Although former President Donald Trump has regularly and insistently claimed that the 2020 general election was rife with fraud and abuse, not a single state has been able to turn up evidence of widespread fraud that could have contributed to his electoral losses.
Trump’s narrative was dealt a further blow after Barbara Cegavske, Nevada’s Secretary of State, announced that an investigation had found no “evidentiary support” for the Republican Party’s allegations of election fraud.
“And while the NVGOP raises policy concerns about the integrity of mail-in voting, automatic voter registration, and same-day voter registration, these concerns do not amount to evidentiary support for the contention that the 2020 general election was plagued by widespread voter fraud,” Cegavske said in a letter addressed to the Nevada Republican Party.
The investigation noted that “the U.S. Supreme Court, as well as U.S. Courts of Appeal in the Ninth Circuit and elsewhere, have ruled that election officials cannot lawfully require documentary proof of citizenship as a condition of voter registration. Nevada law is consistent with federal law in this regard.”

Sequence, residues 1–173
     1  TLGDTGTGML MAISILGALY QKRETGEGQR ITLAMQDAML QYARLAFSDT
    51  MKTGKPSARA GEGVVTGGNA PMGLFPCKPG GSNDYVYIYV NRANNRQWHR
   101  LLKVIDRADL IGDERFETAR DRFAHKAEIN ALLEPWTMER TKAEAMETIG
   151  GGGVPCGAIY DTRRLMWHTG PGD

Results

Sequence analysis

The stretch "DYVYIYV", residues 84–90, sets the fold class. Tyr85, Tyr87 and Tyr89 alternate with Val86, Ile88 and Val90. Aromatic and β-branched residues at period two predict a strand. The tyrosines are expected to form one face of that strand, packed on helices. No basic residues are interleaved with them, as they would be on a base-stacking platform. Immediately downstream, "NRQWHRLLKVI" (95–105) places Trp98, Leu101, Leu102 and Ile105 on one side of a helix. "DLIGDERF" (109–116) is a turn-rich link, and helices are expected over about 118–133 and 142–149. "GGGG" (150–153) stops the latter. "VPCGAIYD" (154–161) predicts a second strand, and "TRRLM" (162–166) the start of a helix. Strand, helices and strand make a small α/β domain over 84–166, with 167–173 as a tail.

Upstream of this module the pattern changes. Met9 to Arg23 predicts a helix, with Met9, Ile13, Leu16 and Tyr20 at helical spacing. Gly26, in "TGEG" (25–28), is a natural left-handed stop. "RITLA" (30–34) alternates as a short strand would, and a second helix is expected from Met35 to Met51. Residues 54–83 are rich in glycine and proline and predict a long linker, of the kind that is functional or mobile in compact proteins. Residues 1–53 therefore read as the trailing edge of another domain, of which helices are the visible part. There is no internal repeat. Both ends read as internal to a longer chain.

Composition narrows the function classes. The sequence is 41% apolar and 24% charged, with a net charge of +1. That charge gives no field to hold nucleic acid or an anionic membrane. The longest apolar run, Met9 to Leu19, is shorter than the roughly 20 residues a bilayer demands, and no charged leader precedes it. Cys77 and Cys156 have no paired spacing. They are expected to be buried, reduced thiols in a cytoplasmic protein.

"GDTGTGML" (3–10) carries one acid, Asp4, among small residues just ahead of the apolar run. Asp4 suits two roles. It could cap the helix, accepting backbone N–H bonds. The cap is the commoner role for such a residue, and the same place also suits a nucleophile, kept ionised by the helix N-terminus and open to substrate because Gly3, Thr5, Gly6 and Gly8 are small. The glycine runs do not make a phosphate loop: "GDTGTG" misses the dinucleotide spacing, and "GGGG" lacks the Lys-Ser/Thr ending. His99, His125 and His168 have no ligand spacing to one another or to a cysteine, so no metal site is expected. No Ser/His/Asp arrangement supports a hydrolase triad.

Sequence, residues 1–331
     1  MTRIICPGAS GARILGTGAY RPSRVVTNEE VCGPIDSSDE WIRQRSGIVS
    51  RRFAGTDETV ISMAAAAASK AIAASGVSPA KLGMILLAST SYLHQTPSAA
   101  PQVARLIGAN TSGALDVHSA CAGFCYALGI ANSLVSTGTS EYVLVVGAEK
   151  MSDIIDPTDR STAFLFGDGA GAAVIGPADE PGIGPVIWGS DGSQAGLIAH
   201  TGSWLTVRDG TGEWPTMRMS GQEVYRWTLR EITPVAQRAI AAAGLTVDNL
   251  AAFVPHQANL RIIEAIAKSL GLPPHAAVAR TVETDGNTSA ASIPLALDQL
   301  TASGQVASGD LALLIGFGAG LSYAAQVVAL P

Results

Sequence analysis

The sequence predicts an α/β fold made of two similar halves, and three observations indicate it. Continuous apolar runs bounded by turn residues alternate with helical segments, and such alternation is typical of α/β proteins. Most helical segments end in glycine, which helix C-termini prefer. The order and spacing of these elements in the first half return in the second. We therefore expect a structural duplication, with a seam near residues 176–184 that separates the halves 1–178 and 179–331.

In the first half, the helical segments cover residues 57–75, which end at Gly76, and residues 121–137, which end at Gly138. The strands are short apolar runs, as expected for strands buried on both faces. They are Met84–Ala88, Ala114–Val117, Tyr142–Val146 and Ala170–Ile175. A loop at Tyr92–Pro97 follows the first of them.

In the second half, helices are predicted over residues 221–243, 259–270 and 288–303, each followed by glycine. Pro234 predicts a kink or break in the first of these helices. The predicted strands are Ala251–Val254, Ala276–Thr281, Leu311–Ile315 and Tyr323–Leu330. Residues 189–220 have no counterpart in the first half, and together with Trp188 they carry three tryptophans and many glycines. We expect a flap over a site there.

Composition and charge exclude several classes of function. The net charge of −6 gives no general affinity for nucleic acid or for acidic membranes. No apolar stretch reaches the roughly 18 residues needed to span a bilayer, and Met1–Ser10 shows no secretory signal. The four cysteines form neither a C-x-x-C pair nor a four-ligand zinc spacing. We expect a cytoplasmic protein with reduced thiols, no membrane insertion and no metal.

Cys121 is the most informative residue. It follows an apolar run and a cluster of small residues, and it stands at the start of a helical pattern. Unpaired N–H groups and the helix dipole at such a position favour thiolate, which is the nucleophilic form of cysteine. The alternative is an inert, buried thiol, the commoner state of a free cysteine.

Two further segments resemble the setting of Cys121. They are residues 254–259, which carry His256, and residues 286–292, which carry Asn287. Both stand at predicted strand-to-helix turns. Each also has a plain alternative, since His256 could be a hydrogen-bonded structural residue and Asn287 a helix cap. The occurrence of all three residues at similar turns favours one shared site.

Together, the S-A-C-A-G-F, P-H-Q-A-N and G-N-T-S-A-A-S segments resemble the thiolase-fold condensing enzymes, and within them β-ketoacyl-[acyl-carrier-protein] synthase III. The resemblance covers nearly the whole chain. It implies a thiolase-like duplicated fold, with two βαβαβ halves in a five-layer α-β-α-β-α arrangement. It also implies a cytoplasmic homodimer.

Cegavske, the only Republican officeholder in the state of Nevada, was censured by her own party after she refused to investigate allegations of fraud she said were unfounded.
“My job is to carry out the duties of my office as enacted by the Nevada Legislature, not carry water for the state GOP or put my thumb on the scale of democracy,” Cegavske said in a statement last week. “Unfortunately, members of my own party continue to believe the 2020 general election was wrought with fraud — and that somehow I had a part in it — despite a complete lack of evidence to support that belief. Regardless of the censure vote by the Nevada Republican Party Central Committee, I will continue in my efforts to oversee secure elections in Nevada and to restore confidence in our elections, confidence which has been destroyed by those falsely claiming the 2020 general election produced widespread fraud.”
Trump’s campaign filed a federal lawsuit in Nevada in November to block what they claimed were “illegal votes” by thousands of people; these allegations were shown to baseless and the lawsuit was ultimately thrown out. Trump’s later attempt to contest the general election results in the Supreme Court was also rebuffed.
Alan is a writer, editor, and news junkie based in New York.